I presented next, describing my own journey from school to becoming a PhD student, including my time spent volunteering abroad. I explained what my PhD entails and how I am using a new technique to extract information from faeces to help with population monitoring of small mammals. I also highlighted what else we do as PhD students away from the lab including publishing papers, presenting posters and talks, attending conferences and developing new skills. I then went on to explain what potential careers paths other than academic research are available after studying a STEM degree, in particular studying biology. The students were then able to ask us questions. I believe they were particularly encouraged to know they did not have to excel in every scientific topic they covered in class to be able to pursue a career in science. They were also reassured that Rosie and I had experienced setbacks on our journeys towards a PhD. We emphasised that we did not know everything about our particular field of research before starting our respective PhDs. We explained that we are still constantly learning, and that this is the main theme of a PhD to learn new skills and techniques! We explained that both of us have followed our passions and that has taken us to where we are now and we would encourage them to do the same.

During the afternoon session, Rosie and I took part in judging poster presentations at the science fair along with the help of a previous winner. Around 20 students from year 8 to year 11 volunteered to present a poster on a scientific topic of their choosing. The posters were displayed around the school hall, as you would see at a scientific conference. The students’ parents also attended and were able to walk around the hall viewing the posters and asking the students questions about their chosen topic. As judges, we were asked to mark each student out of five on their presentation skills, knowledge of their topic and poster creativity. We viewed the posters separately, approaching each student who then presented their poster and answered any questions we had.

After all of the posters had been marked we collectively chose three winning students for 1st, 2nd and 3rd place. The winners were those who showed a high level of passion and knowledge for their respective topics. The winner’s topics included the effect of mobile phones on our brain and eyes, current advancements in biotechnology and how artificial intelligence works.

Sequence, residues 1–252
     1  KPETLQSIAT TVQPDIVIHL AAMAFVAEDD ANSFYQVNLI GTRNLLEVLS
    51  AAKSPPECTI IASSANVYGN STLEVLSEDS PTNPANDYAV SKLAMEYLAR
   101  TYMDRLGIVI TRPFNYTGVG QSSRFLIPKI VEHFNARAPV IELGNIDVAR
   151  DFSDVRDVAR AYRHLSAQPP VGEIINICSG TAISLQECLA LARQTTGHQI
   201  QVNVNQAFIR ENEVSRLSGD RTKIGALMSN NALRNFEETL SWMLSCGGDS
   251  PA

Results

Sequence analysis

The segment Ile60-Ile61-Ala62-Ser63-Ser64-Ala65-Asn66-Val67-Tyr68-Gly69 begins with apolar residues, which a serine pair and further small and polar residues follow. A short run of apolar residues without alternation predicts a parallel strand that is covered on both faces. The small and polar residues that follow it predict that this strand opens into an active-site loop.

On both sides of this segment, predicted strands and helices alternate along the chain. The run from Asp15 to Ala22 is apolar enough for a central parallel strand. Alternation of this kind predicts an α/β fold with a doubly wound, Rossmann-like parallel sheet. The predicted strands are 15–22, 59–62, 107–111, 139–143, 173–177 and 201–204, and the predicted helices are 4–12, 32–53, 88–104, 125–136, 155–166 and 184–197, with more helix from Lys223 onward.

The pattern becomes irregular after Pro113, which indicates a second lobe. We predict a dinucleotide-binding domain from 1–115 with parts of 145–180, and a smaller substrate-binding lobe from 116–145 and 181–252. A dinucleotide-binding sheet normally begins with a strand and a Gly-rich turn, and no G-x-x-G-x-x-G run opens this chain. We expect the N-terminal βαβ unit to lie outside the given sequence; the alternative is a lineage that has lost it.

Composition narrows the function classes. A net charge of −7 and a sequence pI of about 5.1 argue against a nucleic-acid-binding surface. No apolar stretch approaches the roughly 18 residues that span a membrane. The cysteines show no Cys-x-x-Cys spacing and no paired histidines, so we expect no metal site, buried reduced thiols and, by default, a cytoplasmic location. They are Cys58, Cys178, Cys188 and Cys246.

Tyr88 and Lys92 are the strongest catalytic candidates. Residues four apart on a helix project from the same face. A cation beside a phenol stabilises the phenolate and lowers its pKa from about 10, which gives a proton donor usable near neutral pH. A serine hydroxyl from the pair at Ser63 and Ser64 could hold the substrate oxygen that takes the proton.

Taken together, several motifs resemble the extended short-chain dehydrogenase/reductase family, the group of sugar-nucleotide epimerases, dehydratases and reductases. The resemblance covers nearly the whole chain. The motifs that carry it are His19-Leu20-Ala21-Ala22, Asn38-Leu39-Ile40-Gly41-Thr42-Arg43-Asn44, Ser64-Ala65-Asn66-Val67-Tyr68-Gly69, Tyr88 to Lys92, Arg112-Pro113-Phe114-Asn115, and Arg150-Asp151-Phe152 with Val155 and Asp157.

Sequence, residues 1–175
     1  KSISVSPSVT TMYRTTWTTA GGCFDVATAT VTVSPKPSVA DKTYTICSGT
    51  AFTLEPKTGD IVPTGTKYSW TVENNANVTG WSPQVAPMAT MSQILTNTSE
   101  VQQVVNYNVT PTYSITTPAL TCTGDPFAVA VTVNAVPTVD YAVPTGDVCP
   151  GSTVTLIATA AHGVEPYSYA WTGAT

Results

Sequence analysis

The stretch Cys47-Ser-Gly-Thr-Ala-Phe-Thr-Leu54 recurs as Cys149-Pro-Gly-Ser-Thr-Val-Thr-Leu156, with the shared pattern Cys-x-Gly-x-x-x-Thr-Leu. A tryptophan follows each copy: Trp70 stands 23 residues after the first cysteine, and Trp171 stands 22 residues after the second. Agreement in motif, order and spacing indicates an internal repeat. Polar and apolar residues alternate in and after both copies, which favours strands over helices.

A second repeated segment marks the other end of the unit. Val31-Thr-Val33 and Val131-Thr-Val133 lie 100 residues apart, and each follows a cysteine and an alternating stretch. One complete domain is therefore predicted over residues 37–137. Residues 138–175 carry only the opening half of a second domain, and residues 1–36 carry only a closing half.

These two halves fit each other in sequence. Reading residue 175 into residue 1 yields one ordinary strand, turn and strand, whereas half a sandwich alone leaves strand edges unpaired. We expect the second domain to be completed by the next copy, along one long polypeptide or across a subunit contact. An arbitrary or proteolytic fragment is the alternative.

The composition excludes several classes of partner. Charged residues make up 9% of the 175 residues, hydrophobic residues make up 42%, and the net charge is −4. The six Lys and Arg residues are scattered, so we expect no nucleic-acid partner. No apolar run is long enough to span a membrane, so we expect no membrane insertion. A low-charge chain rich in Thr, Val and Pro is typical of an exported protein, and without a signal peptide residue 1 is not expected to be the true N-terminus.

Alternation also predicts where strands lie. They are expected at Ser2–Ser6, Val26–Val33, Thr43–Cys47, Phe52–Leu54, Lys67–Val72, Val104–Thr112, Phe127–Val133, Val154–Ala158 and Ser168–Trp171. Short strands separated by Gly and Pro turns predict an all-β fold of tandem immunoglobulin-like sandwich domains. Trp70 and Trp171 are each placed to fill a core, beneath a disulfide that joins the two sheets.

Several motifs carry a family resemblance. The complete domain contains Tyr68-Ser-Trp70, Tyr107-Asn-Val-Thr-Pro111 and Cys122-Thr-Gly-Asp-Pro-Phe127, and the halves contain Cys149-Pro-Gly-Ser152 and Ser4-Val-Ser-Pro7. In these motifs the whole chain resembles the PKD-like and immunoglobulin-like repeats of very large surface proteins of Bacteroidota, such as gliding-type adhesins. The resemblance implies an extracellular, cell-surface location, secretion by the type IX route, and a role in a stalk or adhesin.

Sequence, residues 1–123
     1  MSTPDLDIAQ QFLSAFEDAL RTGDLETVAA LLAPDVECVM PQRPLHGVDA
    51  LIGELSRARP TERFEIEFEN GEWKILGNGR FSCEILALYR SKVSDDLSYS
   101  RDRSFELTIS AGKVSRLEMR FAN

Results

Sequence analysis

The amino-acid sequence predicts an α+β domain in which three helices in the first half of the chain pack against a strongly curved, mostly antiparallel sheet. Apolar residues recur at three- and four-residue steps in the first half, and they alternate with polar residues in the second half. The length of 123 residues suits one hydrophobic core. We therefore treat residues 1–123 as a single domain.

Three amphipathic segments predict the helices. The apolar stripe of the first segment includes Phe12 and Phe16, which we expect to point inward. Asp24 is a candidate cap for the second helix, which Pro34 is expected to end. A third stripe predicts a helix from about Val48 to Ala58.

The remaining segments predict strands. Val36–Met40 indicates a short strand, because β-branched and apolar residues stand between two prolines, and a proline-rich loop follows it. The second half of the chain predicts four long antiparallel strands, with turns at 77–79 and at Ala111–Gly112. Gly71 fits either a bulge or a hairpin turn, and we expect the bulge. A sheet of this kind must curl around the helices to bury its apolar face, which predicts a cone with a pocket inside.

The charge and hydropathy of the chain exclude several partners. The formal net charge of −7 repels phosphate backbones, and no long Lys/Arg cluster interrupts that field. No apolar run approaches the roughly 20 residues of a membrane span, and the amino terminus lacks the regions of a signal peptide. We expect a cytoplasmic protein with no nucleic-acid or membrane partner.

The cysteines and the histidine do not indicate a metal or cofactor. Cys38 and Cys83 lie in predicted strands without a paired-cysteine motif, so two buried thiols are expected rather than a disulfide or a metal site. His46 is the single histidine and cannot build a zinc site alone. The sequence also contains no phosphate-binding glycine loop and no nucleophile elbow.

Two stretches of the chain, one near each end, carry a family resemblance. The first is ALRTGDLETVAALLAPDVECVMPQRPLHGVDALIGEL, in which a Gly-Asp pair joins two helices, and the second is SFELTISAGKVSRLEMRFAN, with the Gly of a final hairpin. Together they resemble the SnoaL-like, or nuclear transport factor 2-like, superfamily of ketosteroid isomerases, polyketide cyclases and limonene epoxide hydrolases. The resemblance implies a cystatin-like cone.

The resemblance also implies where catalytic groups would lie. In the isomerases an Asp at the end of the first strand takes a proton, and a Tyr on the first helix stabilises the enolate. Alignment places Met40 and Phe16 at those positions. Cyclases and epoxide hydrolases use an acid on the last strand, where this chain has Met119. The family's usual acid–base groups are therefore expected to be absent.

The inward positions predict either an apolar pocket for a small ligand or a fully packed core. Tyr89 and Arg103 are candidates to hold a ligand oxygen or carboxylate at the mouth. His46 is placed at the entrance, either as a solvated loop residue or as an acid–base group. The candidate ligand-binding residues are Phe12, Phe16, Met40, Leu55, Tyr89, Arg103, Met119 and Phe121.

Natalie and Rosie with the poster winner

Overall, it was a very successful day and Rosie and I very much enjoyed encouraging and engaging with the next generation of scientists.                 

Speed Dating Scientists

Convincing school pupils that scientists are actually ordinary people is no small feat, but scientists from the IIB, along with the social enterprise Farm Urban have been doing just that.

Farm Urban, in conjunction with the University of Liverpool and funded by Shaping Futures, have developed a 12 week STEM club called the Future Food Challenge, where pupils form their own social enterprise to try and help fix the world’s food production problems using high-tech growing technologies such as aquaponics and hydroponics. Before starting the program, the pupils were invited to an introductory day at the Department of Engineering on Wednesday 6th February, where they were built their own mini aquaponics system and were given talks and advice by local business leaders about how to set up their own business. Matt Murphy from the Engineering Department, who helped to organise the day, also gave a talk to help the pupils understand the design and engineering problems they might face.

As part of the day, pupils took part in a Scientist Speed Dating session, where groups of 6-10 pupils got to sit down with a real life scientist and ask them questions about their work, and how they’d ended up in their job. The idea was to break down some of the barriers preventing the pupils seeing themselves as capable of being scientists and show them that some of the scientists had similar life experiences to their own.

Laurence Anderson, Hannah Davies, Jens Thomas and James Torpey from the IIB all took part. At first, students and academics were eyeing each other with some trepidation, but by the end of each session, the groups always had to be forcibly moved on as everyone was getting on so well and didn’t want to stop the conversation. The scientists had to contend with a bewildering array of questions, from what their most important experiment was, to what their favourite food or colour was, and although they were sometimes stuck for answers (I’m still not sure what my favourite colour is) the day went incredibly well.